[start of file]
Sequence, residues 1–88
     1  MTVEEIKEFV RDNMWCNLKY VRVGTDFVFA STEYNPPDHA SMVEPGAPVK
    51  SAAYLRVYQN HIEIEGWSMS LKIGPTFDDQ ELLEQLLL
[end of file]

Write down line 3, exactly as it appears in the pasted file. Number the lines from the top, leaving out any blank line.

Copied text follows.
    51  SAAYLRVYQN HIEIEGWSMS LKIGPTFDDQ ELLEQLLL